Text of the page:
South Georgia's newest jewel is on display - WALB.com, Albany News, Weather, Sports

South Georgia's newest jewel is on display

September 3, 2004

Albany-- After a decade of planning, two years of construction, and $25 million, the Flint Riverquarium is finally ready to open for business.

So what will you see when you walk through the doors?

You're welcomed into the Riverquarium with a panoramic view overlooking the centerpiece Blue Hole, a sign of what's to come. "The general comment I typically get is 'I just can't believe we have something of this quality in Albany, Georgia,'" said Riverquarium Director Doug Noble.

Walk down this hallway and you'll get unique views of fish you've no doubt seen before. "Large mouth bass, crappie, a couple of the big sunfish," Noble said.

And you'll see some native Georgia fish that are pretty unusual. "The little guys with the funny wing is called a sea robin, and there are several of those in there."

Interactive exhibits teach you about the Flint River basin and other Georgia waterways. "Then it has a little quiz, you can try to answer it."

And games show you the importance of protecting water resources. "You run around trying to save as much water as you can." Then, as if you were a cave diver, you can move on beneath the Blue Hole, a 175,000 gallon tank filled with a thousand fish and aquatic animals. "What we're looking at is a simulated cavern underneath with 68-degree water coming out of the aquifer," said Noble.

You'll also learn about important rivers around the world and see piranha from the Amazon and these odd guys from the Ganges. "Water is pretty much a global issue," said Noble.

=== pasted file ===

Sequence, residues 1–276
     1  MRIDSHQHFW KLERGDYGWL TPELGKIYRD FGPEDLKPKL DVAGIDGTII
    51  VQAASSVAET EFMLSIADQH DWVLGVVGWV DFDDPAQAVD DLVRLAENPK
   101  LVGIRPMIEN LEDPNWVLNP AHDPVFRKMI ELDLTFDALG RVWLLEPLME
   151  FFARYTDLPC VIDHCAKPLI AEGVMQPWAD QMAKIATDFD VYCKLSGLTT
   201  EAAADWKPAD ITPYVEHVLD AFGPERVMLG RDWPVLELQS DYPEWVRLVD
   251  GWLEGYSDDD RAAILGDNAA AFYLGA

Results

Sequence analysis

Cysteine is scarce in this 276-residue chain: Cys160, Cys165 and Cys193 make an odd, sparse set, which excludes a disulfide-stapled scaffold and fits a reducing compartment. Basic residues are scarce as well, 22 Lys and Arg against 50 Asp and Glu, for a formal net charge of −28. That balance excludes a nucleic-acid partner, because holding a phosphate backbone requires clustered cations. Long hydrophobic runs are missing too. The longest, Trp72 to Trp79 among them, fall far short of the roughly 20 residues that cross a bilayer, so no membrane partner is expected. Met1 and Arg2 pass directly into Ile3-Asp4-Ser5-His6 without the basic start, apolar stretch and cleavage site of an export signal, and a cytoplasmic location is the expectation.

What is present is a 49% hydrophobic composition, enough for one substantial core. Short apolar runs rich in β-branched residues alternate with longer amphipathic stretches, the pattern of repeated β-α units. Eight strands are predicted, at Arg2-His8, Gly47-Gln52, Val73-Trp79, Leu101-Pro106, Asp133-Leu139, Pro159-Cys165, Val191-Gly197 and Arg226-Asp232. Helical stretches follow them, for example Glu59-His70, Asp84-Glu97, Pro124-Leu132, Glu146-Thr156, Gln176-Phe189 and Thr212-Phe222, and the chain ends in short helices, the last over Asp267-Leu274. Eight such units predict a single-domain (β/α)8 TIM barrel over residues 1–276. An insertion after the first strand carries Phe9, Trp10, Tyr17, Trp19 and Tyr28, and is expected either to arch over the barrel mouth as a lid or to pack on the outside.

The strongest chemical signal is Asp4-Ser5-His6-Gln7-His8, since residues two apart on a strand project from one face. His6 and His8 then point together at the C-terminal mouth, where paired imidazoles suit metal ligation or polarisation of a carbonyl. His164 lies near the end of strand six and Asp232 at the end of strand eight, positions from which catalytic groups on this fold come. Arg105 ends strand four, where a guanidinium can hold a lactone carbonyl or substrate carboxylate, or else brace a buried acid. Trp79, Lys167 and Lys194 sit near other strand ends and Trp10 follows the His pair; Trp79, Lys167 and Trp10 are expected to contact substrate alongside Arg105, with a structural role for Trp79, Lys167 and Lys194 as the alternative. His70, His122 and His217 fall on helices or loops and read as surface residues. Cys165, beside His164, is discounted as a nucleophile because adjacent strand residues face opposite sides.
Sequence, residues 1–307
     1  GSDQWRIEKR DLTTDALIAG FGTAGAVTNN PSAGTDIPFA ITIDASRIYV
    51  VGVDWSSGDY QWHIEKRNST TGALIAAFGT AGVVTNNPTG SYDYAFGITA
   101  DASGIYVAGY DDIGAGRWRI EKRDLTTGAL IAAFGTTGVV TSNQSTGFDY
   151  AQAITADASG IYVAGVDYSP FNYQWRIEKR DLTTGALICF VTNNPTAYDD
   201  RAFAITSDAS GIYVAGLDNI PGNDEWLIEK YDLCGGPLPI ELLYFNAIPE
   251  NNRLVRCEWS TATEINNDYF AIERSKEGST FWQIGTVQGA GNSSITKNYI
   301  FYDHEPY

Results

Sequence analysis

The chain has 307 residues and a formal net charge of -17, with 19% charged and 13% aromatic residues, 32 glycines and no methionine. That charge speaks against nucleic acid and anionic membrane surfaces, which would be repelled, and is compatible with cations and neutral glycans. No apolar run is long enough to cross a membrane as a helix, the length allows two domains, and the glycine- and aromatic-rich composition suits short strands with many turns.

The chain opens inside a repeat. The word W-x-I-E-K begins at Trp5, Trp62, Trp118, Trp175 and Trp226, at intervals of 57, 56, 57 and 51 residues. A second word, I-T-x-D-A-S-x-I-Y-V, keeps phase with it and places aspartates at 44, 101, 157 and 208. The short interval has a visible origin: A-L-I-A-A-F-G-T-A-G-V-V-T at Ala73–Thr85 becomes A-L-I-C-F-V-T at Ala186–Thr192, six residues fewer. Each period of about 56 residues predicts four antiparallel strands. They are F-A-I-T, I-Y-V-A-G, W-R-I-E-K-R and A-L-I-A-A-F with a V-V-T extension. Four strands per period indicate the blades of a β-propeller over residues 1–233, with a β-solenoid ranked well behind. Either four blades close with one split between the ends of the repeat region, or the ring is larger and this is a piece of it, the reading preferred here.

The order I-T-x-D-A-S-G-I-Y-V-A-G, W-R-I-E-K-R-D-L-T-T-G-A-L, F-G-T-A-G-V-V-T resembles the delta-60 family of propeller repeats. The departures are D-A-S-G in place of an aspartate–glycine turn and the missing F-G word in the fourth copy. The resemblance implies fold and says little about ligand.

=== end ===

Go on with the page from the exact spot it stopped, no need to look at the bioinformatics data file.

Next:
Even so, it's up to each of us on a local level to protect our water. “If just one visit here keeps somebody from going out there and treating the river like a garbage can and throwing their Styrofoam cup or empty beer can into the river then that's a major step forward," Noble says.

And the Flint Riverquarium is a major step forward in the development of Albany. The Riverquarium is now the crown jewel of downtown, but it's just one part of a huge ongoing development plan.

Albany Tomorrow Incorporated was formed in 1995 to oversee that redevelopment. ATI came up with a $210 million master plan that includes 33 projects. Eleven of them now are finished or underway. They include the government complex and parking garages with retail space, a new law enforcement center, Riverfront Park, a Hilton Hotel and conference center, and of course, the Riverquarium.

"All of those things together have slowly changed the attitudes of people around Albany about what downtown is and what downtown can be,” said ATI CEO Tommy Chatmon. So, the biggest change is the attitude of the citizens toward downtown. I think there is some optimism now and actually some momentum." 

 Chatmon hopes to private developers will bring more retail, entertainment, and residential development downtown. But he says those components are picking up.

The Flint Riverquarium isn't the only educational attraction downtown. The Mt. Zion Albany Civil Rights Movement Museum tells the story of the impact of the southwest Georgia movement on the rest of the world. The director hopes the redevelopment of downtown and the Riverquarium will help the museum grow and spread its message. "It's gonna bring a lot of diverse people who are coming for a lot of different things, so it's gonna help a lot of the businesses and cultural institutions around in that area."

Thronateeska Heritage Center has been located at the old train depot downtown for 20-years. It includes a history museum, planetarium, and discovery center. The Riverquarium will cross-promote with those and other attractions around Albany.

posted at 2:20PM by dave.miller@walb.com